CLEMSON – Clemson Cooperative Extension experts are holding a workshop in the Upstate to show South Carolina forest landowners how they can create a new revenue stream and help combat climate change by participating in the carbon market.

Clemson Cooperative Extension experts are holding a workshop on May 23 to show South Carolina forest landowners how participating in the carbon market can provide a new revenue stream for landowners while helping attack climate change.

Clemson Cooperative Extension experts are holding a workshop in Clemson on May 23 to show South Carolina forest landowners how participating in the carbon market can provide a new revenue stream for forest landowners while helping attack climate change.
Image Credit: Clemson Public Service and Agriculture

The workshop, Carbon Market for South Carolina, is scheduled from 9 a.m. to 3 p.m. on May 23 in the Madren Conference Center, 230 Madren Center Drive, Clemson. The cost is $50 and includes lunch. The cost for students is $20. Seating is limited and pre-registration is requested. To register, go to http://bit.ly/CarbonMarketRSVP.

Marzieh Motallebi, an assistant professor at Clemson’s Belle W. Baruch Institute of Coastal Ecology and Forest Science, said the workshop will inform landowners about the amount of carbon sequestered due to various forest management activities. Carbon sequestration occurs when carbon is absorbed from the atmosphere. Forest best management practices not only might increase carbon sequestration but also can help with enhancing wildlife habitat, improving soil quality and conserving biodiversity.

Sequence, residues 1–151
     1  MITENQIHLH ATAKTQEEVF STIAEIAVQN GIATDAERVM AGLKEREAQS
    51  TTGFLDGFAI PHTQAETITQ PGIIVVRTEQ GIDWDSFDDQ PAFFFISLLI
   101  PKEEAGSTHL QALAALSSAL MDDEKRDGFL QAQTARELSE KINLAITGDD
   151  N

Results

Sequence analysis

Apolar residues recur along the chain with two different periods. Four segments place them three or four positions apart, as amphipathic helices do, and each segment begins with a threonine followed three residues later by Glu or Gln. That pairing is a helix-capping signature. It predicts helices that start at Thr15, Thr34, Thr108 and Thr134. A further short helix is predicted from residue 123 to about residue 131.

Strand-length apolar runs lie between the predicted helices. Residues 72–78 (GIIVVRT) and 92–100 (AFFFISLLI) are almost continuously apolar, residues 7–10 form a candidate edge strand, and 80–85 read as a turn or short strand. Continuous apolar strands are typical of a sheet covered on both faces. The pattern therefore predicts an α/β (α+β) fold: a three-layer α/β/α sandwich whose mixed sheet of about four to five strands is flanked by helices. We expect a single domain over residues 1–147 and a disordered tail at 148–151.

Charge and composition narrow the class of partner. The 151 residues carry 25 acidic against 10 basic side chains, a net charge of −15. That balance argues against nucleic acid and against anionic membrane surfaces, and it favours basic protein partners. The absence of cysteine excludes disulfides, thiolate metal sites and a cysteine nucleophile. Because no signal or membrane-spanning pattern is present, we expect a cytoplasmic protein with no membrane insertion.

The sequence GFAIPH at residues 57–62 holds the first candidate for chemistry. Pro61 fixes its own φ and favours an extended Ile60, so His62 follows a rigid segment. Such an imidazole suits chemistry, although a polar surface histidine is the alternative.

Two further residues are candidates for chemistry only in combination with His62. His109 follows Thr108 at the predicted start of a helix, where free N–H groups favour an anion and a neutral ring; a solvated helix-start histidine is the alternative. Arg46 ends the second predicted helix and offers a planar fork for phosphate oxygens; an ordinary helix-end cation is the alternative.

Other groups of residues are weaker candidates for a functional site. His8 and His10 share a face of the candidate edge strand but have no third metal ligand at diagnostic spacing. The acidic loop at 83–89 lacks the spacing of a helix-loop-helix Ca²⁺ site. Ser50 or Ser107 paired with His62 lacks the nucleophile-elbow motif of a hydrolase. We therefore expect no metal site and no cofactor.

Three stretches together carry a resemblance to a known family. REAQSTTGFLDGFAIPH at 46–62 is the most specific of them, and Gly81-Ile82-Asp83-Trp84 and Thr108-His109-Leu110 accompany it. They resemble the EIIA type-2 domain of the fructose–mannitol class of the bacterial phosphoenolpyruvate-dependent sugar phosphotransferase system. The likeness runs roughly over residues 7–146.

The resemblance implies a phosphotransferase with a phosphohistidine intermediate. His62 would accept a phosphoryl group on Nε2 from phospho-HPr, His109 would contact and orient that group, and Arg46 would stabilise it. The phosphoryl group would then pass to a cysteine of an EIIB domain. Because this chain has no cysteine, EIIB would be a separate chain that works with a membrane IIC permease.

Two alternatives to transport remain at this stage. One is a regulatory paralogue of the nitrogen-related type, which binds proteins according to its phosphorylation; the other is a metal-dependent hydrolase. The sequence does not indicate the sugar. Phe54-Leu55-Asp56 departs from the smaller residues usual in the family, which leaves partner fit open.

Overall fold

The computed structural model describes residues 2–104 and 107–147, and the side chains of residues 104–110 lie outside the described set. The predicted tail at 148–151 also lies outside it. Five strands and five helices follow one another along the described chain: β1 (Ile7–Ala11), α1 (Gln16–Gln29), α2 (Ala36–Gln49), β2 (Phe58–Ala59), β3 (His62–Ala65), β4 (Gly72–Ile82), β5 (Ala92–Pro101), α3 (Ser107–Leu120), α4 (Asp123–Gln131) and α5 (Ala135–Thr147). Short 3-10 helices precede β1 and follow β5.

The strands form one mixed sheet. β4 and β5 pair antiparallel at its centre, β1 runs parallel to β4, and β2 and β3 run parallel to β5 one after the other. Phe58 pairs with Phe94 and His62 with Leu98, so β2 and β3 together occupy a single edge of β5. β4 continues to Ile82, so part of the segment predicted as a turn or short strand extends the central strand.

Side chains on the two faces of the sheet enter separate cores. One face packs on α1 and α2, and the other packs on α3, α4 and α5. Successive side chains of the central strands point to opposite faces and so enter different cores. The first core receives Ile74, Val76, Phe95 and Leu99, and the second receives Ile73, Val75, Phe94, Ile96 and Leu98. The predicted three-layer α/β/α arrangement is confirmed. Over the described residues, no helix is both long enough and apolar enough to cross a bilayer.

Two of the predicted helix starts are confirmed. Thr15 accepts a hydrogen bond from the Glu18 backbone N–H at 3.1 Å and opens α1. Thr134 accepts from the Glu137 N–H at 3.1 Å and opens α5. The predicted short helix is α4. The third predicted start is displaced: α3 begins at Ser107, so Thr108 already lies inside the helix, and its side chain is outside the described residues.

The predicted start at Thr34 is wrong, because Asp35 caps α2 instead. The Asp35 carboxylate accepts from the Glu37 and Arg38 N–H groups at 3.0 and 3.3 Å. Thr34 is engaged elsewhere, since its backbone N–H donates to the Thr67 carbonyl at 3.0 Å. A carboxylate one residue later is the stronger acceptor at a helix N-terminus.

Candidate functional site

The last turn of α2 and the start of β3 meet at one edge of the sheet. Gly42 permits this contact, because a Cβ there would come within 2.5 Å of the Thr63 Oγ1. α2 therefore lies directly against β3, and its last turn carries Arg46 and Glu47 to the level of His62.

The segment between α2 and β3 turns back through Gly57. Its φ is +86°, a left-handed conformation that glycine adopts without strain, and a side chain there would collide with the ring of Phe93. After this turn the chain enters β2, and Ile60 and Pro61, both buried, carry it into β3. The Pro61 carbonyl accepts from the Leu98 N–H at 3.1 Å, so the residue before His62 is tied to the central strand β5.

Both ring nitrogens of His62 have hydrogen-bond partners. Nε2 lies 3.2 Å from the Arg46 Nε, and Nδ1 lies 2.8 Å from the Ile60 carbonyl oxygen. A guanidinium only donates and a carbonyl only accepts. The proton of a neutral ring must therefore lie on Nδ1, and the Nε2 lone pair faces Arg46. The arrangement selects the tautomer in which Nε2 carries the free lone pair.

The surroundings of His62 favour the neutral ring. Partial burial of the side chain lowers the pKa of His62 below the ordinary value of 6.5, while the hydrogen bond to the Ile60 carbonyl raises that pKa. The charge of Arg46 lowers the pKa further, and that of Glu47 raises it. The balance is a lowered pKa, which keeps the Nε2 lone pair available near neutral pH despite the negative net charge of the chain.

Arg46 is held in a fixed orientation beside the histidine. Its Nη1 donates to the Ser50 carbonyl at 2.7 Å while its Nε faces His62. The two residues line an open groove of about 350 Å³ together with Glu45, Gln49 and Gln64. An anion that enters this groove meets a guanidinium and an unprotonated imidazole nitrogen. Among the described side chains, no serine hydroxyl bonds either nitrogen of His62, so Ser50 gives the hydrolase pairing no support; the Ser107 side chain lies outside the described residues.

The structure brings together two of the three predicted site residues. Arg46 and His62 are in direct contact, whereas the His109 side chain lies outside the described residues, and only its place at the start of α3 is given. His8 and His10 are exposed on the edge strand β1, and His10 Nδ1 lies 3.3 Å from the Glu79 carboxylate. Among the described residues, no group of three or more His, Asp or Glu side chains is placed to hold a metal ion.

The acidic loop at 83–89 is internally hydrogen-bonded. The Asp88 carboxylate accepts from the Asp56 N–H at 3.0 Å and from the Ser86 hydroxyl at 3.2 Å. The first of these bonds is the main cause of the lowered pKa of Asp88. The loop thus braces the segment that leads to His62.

Forest owners will learn how they can generate and trade carbon offsets, also known as carbon credits.

“We are going to talk about the benefits of joining the carbon market for landowners,” Motallebi said. “We want to show forest landowners how they potentially can be sellers of carbon credits from their forest areas.”

A fact sheet, Carbon Offsets for South Carolina Family Forest Landowners, written by Motallebi and Clemson postdoctoral researchers Mustapha Alhassan and Hamed Majidzadeh, explains carbon offsets and why they are important.

“By participating in the carbon market, South Carolina family forest owners will have an opportunity to reduce climate change impacts if they decide to generate and sell forest offsets,” Motallebi said.

In addition to Motallebi, who will talk about the good and bad aspects of the carbon market, Sarah Wescott, climate program manager of the Climate Action Reserve in California, will talk about conservation and monetary aspects of the program.

“The carbon offset program probably will be of most interest to South Carolina landowners who have some conservation-based goals,” Wescott said. “The program also can be great for providing long-term funding into the future via the sale of carbon credits, so this aspect may be appealing to landowners who have considered how their properties will be sustainably managed into the future.”

Other guest speakers include Hunter Parks, founder and chairman of Green Assets, and Michael Dawson, center director of the Audubon Center Sanctuary-Francis Beidler Forest. Parks will talk about the carbon market mechanism and how this market functions. Dawson will talk about South Carolina’s experience in the carbon market.

Some forest projects in South Carolina already have sold carbon credits in the California carbon market through carbon developers. The Francis Beidler Forest sold about 450,000 carbon credits for no less than $8 per credit in California’s carbon market in 2014 through a San Francisco carbon developer company known as Blue Source. Brookgreen Gardens also sold 162,551 carbon credits in California’s carbon market in 2015 through the Green Assets carbon developer company.